MATHER, Calif. — As of the early morning of Sept. 6, the Rim Fire in California’s Yosemite National Park had burned a total of 246,350 acres, making it the third largest wildfire in the State’s history. At the fire’s most ferocious peak, more than 15 rotary-wing aircraft from the California National Guard were participating in water drops and aerial firefighter transportation. Flying in less than optimal conditions through thick smoke, close to flames taller than the area’s famous sequoias, the CNG successfully assisted in the 80 percent containment of what seemed to be an unconquerable wildfire.
UH-60 Black Hawks, HH-60 Pave Hawks, and CH-47 Chinooks participated in the wildfire efforts. To ensure safe and successful flight operations, it was crucial to keep those helicopters in the best working condition possible and continuously available for use. The aviation maintenance crew from Company F, 2nd Battalion, 135th General Support Aviation Battalion, stationed at Mather Army Air Flight Facility near Sacramento, Calif., worked countless hours to guarantee each aircraft was mission ready.
“With such a high priority natural disaster, our maintenance operations and number of mechanics on-site increased significantly,” said Staff Sgt. Angela Brennan from Fox Company. “We work in 12-hour shifts, 24 hours a day, seven days a week.”
The increase in work-load required Fox Company to recruit volunteer mechanics from other units to assist their normal full-time technician staff, resulting in at least 40 aviation mechanics working at any given time. The maintenance mandatory for safe upkeep of the aircraft is recorded and scheduled to efficiently track and allow timely flights.
“Daily maintenance checks are required after each individual flight, no matter what,” said Sgt. Kurt Krause, a full-time aviation mechanic and crew chief for Fox Company.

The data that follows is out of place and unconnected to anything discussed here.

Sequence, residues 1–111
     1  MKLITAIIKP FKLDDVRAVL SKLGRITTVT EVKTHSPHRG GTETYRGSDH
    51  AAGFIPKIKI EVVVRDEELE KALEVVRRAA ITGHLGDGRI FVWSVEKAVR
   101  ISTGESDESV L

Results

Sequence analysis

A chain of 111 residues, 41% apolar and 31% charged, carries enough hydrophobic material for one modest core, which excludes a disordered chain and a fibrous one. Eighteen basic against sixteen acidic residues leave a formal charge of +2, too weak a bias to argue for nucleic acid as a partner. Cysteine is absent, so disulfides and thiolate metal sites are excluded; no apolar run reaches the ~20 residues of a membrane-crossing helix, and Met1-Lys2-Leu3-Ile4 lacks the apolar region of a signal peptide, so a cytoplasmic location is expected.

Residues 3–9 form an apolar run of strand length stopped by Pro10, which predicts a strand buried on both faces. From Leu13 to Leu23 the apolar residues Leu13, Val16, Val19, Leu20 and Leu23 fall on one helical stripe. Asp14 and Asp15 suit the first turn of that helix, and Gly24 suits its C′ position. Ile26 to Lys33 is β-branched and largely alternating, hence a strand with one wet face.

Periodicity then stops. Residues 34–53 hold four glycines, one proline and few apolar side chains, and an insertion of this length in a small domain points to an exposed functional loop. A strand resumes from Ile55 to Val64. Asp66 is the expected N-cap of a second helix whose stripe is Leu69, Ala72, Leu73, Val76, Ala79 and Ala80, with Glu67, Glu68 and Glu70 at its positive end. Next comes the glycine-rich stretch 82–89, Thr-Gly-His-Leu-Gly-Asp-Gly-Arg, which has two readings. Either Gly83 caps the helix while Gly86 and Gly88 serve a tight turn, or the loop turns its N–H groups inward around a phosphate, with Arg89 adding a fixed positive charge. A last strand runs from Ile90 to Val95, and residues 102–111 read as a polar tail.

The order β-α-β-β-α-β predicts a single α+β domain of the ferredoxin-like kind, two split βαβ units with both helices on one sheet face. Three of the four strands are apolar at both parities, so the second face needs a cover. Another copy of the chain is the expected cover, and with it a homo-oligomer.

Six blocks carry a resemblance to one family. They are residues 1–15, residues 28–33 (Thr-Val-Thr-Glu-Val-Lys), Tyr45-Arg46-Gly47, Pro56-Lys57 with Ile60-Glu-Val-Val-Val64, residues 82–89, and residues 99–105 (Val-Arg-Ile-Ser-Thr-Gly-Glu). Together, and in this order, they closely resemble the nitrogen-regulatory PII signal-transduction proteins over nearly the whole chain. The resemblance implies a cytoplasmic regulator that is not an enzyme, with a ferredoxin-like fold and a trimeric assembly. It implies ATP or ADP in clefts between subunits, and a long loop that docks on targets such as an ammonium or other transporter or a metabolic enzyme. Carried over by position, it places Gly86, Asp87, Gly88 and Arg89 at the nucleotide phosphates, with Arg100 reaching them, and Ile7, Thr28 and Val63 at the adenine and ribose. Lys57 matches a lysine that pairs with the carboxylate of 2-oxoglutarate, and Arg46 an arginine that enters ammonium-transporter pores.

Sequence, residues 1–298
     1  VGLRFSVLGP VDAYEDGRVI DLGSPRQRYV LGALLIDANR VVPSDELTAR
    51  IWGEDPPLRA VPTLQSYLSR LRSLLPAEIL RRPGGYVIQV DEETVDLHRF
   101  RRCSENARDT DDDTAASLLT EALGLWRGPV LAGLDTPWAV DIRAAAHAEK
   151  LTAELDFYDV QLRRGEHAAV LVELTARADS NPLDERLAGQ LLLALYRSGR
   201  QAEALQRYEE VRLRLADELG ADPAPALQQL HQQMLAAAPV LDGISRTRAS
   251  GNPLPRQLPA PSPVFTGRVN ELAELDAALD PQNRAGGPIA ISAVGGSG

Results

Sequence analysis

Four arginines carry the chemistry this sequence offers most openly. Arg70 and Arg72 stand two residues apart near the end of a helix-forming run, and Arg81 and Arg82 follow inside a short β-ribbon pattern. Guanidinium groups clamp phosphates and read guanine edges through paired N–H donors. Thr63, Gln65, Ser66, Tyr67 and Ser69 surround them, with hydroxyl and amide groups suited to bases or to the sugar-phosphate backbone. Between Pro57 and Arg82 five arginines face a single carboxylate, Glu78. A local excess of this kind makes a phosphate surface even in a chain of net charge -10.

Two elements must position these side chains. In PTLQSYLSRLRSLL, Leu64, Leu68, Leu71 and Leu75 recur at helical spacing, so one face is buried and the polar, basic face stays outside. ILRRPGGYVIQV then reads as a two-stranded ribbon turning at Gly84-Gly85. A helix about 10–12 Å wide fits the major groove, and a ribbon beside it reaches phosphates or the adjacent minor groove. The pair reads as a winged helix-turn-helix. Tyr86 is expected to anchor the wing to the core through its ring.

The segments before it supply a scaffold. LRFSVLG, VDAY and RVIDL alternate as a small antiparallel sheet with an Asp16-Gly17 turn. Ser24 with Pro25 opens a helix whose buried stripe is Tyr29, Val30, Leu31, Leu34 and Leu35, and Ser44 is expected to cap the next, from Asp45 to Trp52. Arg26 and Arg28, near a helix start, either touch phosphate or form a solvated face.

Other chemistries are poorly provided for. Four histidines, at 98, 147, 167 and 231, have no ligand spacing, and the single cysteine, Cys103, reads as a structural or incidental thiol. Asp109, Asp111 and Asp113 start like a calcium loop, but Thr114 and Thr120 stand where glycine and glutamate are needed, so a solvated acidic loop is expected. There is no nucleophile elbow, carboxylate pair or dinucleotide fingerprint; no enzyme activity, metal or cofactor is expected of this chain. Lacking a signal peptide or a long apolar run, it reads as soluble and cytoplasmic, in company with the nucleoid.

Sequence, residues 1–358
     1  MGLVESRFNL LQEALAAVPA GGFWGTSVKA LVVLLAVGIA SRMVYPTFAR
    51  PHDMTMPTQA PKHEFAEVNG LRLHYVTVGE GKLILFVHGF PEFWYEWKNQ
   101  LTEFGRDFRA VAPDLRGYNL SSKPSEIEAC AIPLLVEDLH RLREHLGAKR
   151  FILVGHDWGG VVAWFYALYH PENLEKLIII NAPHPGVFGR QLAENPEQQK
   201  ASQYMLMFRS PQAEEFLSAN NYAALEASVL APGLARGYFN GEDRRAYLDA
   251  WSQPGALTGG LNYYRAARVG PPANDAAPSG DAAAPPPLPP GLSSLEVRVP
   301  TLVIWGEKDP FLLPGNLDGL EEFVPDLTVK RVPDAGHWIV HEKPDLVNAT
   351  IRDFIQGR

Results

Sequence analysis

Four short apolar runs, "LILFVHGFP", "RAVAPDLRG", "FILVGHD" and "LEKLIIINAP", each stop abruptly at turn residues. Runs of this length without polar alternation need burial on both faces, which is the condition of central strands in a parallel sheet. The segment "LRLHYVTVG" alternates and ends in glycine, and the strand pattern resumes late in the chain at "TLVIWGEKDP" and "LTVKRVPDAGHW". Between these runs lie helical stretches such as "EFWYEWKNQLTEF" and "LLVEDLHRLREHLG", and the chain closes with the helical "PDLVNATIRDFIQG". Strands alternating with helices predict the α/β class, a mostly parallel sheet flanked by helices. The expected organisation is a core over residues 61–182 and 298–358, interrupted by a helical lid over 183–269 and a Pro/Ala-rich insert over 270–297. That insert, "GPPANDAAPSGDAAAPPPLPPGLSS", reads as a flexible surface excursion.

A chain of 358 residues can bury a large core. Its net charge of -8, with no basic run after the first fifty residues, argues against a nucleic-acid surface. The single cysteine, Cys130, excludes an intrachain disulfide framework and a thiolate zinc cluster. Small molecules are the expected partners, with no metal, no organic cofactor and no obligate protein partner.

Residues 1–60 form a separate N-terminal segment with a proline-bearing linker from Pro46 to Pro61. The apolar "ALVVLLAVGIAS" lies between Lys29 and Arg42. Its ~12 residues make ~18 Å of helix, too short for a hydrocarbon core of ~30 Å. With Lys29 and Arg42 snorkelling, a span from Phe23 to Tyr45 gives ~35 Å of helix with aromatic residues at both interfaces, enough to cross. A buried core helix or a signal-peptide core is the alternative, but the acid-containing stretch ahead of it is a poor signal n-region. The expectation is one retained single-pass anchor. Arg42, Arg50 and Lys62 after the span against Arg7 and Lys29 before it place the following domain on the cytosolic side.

Between the time the California National Guard joined the Rim Fire fight on Aug. 16 through Sept. 6, Fox Company performed 328 daily maintenance checks. They were also required to inspect aircraft that had accumulated a lot of flight hours since their last inspection. During this period Fox Company conducted 10 40-hour inspections, and two 120-hour inspections. In addition to mandatory maintenance, there were numerous unscheduled repairs.
“Aircraft would return with landing gear damage, transmission damage, engine leaks, GPS issues, altimeter issues, and countless trouble-shooting issues,” added Brennan.
Although the California National Guard’s aerial firefighting efforts had stopped by September 3, two UH-60 Black Hawk helicopters remained on rotation in Fresno, Calif., supporting remaining firefighting agencies as a medical evacuation crew. As a military unit, Fox Company has capabilities civilian agencies don’t have as a medevac unit.
“Our night vision goggles are a huge asset no one else has in the air,” said Sgt. David Calderon, an aviation mechanic and crew chief in Fox Company. If a firefighter goes down at night and needs to be medically evacuated, we can go where no one else can. As long as our medics are in the fight, we’re in the fight.”
Even though the Rim Fire had been contained to a controllable size and a majority of the CNG’s participating aircrafts returned to their home stations, the work of an aviation mechanic in Fox Company is never complete.
“We’ll continue working on these helicopters for a good while,” Krause said. “There is always something that will need to be repaired or replaced to keep them running in good condition.”